Remembering Virginia Norwood, Mother Of NASA’s Landsat Success

Virginia T. Norwood passed away earlier this year at the age of 96, and NASA’s farewell to this influential pioneer is a worth a read. Virginia was a brilliant physicist and engineer, and among her other accomplishments, we have her to thank for the ongoing success of the Landsat program, which continues to this day.

The goal of the program was to image land from space for the purpose of resource management. Landsat 1 launched with a Multispectral Scanner System (MSS) that Norwood designed to fulfill this task. Multispectral imaging was being done from aircraft at the time, but capturing this data from space — not to mention deciding which wavelengths to capture — and getting it back down to Earth required solving a whole lot of new and difficult problems.

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Seeing Plant Health In Infrared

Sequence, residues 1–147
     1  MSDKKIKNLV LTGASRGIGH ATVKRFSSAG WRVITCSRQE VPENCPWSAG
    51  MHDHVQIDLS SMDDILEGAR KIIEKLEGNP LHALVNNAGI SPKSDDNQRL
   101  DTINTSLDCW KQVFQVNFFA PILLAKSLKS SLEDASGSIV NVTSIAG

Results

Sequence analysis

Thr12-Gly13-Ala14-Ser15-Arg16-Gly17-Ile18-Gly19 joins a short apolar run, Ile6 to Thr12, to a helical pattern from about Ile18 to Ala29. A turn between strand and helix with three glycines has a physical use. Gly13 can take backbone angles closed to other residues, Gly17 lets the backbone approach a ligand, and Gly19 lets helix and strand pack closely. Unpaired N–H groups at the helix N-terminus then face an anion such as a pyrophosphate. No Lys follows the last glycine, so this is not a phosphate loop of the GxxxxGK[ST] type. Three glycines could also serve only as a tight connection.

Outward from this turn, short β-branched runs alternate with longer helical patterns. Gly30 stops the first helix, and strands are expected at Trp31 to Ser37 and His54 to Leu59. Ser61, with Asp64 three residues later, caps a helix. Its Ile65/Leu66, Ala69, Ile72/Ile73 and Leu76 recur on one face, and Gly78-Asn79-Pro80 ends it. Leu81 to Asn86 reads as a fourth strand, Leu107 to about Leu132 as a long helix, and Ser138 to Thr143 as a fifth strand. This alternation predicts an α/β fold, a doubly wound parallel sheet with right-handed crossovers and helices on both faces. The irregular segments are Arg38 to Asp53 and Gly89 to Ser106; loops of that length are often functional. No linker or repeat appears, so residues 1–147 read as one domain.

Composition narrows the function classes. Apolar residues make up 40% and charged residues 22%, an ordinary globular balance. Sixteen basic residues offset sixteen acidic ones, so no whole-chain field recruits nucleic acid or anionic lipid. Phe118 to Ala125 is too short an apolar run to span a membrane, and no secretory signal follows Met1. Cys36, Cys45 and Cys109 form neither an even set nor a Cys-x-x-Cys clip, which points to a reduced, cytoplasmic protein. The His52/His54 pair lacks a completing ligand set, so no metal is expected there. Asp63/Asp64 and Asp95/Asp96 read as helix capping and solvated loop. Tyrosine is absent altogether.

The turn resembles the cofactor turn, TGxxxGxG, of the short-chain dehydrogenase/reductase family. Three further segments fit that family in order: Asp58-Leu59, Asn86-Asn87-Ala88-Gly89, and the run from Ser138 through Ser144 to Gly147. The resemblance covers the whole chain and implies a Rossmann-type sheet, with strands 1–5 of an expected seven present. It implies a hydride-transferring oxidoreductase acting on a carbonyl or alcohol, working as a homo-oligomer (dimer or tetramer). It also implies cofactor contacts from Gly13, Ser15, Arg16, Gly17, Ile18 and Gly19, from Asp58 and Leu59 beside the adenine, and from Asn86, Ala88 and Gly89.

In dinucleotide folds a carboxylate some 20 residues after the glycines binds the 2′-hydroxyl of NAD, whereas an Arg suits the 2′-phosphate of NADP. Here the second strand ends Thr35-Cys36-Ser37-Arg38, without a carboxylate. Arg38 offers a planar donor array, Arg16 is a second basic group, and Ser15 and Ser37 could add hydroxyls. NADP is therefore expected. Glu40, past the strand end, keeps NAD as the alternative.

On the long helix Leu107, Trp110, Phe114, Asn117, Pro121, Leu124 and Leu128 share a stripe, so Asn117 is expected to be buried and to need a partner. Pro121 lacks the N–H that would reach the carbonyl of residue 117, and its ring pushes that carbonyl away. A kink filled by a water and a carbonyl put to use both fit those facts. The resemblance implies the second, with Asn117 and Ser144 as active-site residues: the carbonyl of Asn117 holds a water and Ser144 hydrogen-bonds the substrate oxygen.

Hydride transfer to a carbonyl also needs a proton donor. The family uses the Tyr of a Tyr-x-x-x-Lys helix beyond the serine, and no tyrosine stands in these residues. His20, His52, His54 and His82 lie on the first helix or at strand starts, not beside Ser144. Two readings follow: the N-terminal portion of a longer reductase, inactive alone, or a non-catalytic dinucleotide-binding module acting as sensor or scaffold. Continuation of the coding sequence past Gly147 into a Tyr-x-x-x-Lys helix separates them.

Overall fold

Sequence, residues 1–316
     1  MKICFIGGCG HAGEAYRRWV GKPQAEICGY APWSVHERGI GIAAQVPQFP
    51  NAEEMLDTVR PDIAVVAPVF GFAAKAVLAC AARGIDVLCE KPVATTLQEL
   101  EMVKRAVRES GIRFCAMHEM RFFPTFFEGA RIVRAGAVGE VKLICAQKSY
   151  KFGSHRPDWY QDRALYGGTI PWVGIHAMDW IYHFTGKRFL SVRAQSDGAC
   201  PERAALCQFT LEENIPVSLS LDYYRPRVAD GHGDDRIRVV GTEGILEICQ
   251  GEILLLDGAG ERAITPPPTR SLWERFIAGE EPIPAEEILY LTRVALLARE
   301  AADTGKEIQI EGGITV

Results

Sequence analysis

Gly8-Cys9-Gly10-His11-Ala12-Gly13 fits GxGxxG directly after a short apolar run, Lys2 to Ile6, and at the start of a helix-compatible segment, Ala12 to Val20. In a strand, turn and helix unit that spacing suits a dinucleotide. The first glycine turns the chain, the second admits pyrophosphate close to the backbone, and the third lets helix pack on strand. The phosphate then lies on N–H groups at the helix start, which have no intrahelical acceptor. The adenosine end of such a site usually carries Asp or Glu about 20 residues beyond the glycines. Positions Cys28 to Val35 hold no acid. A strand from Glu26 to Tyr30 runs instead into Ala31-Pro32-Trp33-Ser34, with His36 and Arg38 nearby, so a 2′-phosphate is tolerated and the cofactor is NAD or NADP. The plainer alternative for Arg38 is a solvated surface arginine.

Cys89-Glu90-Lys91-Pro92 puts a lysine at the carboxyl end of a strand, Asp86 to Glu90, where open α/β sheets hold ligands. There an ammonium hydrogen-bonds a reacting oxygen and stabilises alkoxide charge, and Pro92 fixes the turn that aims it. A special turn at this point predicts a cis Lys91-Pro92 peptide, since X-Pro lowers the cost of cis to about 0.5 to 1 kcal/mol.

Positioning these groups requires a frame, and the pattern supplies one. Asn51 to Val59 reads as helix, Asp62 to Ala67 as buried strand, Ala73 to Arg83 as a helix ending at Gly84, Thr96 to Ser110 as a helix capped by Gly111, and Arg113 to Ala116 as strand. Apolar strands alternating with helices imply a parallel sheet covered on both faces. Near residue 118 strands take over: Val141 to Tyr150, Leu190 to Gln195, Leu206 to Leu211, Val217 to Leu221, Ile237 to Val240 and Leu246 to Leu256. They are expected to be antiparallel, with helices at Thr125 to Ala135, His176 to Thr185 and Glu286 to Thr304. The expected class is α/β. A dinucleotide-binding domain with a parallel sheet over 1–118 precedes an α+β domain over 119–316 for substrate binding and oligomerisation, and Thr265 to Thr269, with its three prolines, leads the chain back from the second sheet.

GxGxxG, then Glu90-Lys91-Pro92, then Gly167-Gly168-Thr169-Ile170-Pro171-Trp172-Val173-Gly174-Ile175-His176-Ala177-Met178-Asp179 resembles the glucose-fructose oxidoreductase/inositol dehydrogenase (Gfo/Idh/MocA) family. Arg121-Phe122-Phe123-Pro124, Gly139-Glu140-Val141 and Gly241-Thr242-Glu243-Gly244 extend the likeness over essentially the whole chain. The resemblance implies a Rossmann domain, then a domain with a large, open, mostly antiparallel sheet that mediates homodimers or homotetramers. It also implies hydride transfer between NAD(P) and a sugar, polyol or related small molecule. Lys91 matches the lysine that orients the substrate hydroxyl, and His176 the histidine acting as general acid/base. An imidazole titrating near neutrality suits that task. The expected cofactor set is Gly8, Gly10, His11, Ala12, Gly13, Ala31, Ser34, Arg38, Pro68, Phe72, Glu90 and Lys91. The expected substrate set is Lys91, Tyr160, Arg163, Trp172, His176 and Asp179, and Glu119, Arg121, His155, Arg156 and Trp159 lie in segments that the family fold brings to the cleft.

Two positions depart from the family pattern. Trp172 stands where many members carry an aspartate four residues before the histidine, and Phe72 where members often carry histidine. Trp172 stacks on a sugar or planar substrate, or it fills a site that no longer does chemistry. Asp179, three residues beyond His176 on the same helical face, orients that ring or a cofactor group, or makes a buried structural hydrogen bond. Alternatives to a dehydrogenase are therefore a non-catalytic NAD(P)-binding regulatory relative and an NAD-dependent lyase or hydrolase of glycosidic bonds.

Since the 70s, NASA, NOAA, and the USGS have been operating a series of satellites designed to look at vegetation health around the world. These satellites, going under the name Landsat, use specialized camera filters that look at light reflecting off chlorophyll to gauge the health of forests, plains, oceans, and even farms. It’s all very interesting technology, and a few very cool people want to put one of these near infrared cameras in the hands of everyone.

The basic idea behind gauging the health of plants from orbit, or the¬†Normalized Difference Vegetation Index, is actually pretty simple: absorb red and blue light (thus our verdant forests), and reflect nearly all infrared light. By removing the IR filter from a digital camera and adding a ‘superblue’ filter, the NDVI can be calculated with just a little bit of image processing.

The folks behind this have put up a Kickstarter with rewards including a modified webcam, a custom point and shoot camera, and a very low-cost source of one of these superblue filters. Just the thing to see how your garden grows or how efficiently you can kill a houseplant.